Skepticism of celebrity should be a key factor in governor general pick, former advisory panel member says


When an advisory committee was tasked with helping to find a new governor general in 2010, it was urged to look closely at each candidate’s “judgment and temperament,” and to be skeptical of “simple celebrity,” a former member says.

Rainer Knopff, professor emeritus of political science at the University of Calgary, said he thinks such a committee —  like the one created then by the Stephen Harper government — should be re-established.

His comments follow the resignation of Julie Payette as governor general. The former astronaut left the post after a workplace review found she presided over a toxic work environment at Rideau Hall.

“We took our time doing it thoroughly,” Knopff said in an email to CBC News. “We were to prioritize substantially accomplished people, but to be skeptical of simple celebrity.”

“It was to be a capstone appointment for a fully developed career, not a mid-life stepping-stone appointment,” Knopff said. “Judgment and temperament were key.”

Knopff’s six-member committee was chaired by longtime public servant and secretary to the governor general Sheila-Marie Cook. Other members included Kevin MacLeod, who was Canadian secretary to the Queen, along with historians and political scientists.

Christopher McCreery, private secretary to the lieutenant governor of Nova Scotia and one of the committee members, wrote in the book The Crown and Parliament that the committee was looking for candidates who had an understanding of the system of government, their constitutional duties and a respect for the Crown’s position in Canadian society.

‘Lifetime of achievement’

Candidates also had to have gained  “considerable experience through a lifetime of achievement” and understand the constraints and opportunities offered by vice-regal service, McCreery wrote.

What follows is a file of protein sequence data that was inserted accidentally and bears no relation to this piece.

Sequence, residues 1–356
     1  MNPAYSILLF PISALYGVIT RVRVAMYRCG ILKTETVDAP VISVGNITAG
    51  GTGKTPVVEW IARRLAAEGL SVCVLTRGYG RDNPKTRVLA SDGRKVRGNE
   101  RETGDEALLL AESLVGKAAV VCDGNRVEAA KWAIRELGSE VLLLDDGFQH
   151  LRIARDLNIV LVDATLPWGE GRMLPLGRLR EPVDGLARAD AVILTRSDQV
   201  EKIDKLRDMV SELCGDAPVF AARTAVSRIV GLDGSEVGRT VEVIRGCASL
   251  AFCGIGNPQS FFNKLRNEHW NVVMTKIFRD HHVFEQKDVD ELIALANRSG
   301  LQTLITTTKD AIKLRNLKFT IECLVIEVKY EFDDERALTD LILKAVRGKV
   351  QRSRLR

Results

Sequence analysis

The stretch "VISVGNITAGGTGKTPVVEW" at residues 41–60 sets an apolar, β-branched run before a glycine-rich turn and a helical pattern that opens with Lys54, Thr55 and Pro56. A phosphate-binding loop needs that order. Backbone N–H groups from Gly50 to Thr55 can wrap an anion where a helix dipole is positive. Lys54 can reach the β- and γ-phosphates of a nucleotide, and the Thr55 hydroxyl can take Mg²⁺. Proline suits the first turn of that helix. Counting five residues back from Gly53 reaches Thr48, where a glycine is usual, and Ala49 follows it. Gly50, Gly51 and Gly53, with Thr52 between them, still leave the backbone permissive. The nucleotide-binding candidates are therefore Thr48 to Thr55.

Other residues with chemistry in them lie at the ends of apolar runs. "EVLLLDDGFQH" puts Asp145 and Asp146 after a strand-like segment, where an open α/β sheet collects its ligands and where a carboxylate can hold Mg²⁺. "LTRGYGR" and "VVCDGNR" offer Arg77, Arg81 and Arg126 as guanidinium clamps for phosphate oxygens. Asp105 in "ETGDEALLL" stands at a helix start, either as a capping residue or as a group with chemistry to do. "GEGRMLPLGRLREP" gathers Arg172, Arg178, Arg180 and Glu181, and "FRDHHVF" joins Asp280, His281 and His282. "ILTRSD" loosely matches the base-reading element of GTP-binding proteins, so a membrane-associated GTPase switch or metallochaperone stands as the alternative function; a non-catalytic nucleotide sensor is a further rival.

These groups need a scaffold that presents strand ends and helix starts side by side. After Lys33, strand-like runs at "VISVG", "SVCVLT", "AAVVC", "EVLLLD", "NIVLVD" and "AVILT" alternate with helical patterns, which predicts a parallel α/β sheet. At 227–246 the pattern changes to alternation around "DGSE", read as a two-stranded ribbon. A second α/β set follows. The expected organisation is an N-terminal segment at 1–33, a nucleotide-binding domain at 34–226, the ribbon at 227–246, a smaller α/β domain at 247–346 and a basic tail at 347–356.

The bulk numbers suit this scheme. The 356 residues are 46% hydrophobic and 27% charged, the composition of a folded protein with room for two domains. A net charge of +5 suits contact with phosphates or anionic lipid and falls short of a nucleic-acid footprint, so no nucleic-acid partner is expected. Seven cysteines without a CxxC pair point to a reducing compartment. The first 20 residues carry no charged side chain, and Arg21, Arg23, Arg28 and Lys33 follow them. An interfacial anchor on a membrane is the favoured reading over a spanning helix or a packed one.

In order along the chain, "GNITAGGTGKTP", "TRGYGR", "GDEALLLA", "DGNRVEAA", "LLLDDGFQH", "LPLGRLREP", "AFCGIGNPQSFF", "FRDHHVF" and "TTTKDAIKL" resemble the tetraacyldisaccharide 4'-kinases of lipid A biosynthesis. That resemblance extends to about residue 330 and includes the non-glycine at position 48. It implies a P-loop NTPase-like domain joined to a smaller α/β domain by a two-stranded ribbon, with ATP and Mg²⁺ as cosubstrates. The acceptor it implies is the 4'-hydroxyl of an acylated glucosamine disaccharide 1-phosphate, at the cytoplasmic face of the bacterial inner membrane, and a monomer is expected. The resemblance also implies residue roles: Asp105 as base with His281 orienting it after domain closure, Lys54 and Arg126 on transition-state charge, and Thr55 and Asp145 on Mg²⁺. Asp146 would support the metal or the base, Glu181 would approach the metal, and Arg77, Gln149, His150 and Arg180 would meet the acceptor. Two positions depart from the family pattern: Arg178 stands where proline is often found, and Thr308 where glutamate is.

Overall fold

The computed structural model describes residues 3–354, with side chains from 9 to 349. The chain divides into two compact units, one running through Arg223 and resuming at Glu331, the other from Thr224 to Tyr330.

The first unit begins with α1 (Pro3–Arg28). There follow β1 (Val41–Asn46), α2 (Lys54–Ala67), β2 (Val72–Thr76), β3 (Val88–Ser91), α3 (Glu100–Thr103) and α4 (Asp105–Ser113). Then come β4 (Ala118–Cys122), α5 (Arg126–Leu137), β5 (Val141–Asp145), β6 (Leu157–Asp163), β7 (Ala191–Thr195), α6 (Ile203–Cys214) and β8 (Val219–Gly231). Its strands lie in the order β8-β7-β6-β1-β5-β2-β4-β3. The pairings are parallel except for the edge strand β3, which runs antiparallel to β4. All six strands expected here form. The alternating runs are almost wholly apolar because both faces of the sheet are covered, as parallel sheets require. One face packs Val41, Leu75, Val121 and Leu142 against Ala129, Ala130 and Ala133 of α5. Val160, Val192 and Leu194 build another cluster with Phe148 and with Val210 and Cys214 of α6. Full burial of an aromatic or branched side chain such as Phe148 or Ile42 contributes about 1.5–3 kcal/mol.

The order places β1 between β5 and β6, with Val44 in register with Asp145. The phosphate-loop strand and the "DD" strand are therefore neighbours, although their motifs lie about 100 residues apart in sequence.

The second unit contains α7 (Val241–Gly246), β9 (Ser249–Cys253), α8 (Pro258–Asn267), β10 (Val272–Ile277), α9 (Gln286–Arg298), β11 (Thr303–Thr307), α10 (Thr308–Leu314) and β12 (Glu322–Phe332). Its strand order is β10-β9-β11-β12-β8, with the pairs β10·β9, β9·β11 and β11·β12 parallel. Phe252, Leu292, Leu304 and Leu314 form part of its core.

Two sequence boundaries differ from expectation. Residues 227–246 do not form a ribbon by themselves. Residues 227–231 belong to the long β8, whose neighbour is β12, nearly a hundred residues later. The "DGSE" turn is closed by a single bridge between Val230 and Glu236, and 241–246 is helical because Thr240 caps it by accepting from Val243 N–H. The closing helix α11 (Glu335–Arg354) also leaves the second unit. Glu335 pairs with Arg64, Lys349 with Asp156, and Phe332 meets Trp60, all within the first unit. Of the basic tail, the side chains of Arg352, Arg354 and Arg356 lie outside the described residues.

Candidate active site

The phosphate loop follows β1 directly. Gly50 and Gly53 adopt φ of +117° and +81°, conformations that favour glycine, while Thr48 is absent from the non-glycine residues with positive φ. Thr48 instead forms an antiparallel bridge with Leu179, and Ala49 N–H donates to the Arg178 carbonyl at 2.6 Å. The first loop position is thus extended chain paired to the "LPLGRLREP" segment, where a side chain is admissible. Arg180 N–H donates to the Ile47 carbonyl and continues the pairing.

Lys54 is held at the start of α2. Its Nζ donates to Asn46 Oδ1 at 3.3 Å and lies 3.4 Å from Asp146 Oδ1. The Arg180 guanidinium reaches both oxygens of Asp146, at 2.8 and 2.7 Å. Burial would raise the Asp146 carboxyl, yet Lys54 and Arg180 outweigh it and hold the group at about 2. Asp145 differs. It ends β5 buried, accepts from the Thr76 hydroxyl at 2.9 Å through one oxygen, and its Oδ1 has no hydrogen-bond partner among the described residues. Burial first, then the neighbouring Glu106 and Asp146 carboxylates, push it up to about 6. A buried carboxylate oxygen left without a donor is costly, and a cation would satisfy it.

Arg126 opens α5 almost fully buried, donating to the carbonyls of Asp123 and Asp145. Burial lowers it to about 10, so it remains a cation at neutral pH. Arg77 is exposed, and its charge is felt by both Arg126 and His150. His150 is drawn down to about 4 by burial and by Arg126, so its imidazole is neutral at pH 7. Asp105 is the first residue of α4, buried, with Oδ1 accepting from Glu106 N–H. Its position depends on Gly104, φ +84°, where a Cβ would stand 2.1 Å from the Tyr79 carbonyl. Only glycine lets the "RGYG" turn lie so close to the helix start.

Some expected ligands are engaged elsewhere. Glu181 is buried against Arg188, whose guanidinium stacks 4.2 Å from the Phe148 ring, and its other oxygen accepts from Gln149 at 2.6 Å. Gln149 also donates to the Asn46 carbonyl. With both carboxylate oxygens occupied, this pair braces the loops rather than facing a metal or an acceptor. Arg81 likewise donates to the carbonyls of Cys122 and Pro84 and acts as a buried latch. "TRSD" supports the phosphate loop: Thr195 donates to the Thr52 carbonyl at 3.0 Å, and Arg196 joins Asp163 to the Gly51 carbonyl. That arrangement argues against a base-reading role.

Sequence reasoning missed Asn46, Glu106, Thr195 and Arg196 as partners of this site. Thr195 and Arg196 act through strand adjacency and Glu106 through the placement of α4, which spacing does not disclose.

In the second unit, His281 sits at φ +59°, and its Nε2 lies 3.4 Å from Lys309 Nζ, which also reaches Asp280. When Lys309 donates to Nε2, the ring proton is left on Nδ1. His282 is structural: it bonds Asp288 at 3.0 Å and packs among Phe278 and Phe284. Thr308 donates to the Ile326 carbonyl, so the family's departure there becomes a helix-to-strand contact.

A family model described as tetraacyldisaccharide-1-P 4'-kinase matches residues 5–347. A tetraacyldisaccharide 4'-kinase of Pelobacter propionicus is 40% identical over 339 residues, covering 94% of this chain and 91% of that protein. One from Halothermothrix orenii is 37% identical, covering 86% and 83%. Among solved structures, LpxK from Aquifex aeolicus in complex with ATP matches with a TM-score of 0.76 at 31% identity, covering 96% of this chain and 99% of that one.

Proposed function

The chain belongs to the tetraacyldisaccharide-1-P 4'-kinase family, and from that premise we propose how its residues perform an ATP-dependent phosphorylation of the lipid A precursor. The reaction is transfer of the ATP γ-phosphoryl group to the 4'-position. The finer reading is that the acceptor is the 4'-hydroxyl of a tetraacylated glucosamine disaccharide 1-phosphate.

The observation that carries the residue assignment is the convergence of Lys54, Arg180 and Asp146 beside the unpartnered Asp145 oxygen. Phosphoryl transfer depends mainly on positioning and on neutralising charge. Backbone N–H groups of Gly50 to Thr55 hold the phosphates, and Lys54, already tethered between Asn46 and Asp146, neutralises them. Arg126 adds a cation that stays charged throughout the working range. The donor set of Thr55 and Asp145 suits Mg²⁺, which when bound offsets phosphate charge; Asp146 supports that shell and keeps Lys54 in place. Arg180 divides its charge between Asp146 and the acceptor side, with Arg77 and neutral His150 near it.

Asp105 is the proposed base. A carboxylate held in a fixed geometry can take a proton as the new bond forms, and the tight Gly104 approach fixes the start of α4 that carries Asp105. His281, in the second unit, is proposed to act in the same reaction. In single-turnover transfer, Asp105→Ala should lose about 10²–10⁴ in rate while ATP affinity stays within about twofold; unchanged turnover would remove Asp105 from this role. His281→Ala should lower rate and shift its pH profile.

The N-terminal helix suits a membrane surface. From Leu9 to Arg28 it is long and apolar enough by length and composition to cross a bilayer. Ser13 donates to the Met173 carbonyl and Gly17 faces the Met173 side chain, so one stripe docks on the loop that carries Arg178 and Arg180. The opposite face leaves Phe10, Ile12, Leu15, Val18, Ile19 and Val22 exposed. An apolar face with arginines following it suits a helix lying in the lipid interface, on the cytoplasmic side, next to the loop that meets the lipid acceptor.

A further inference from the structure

Panel members contacted lieutenant governors, premiers, retired politicians, state officials and public figures from a wide variety of fields. Several hundred names were compiled, he said. 

Julie Payette resigned as governor general following reports that she presided over a toxic work environment at Rideau Hall. (Adrian Wyld/The Canadian Press)

In the end, the committee presented Harper with a three-person short list.

“David Johnston topped the list,” Knopff said. “Worked pretty well, I’d say.”

In 2012, Harper made the committee permanent, renaming it the Advisory Committee on Vice-Regal Appointments. It did come up with short lists for lieutenant governors and territorial commissioners, and it was to do the same for the new governor general in 2017.

But Prime Minister Justin Trudeau abandoned the process when it came to choosing Payette.

Call to reestablish advisory committee

“Prime Minister Trudeau, because of his vanity, put aside [a] committee created by the Conservatives that did a good job and decided all by himself what is good for Canada,” said Conservative House Leader Gerard Deltell

“Well now we see the result.”

The Conservatives are now calling on Trudeau to consult opposition parties and reestablish the advisory committee  when choosing the next governor general.

Although potential red flags about Payette’s behaviour had been raised by former employers, NDP Leader Jagmeet Singh said Trudeau was more interested in “seeking a flashy headline” than conducting a proper vetting.

“Really it comes down to Justin Trudeau, who is more interested in a flashy announcement as a governor general rather than doing the work of making sure it was the right selection,” he said.

On Friday, Trudeau was asked by reporters about his decision not to use a selection committee in 2017.

“We will continue to the look at the best way to the select people for the vice regal appointments,” he said. “It is an important role for Canadians and we’ll look at how we can improve it.”



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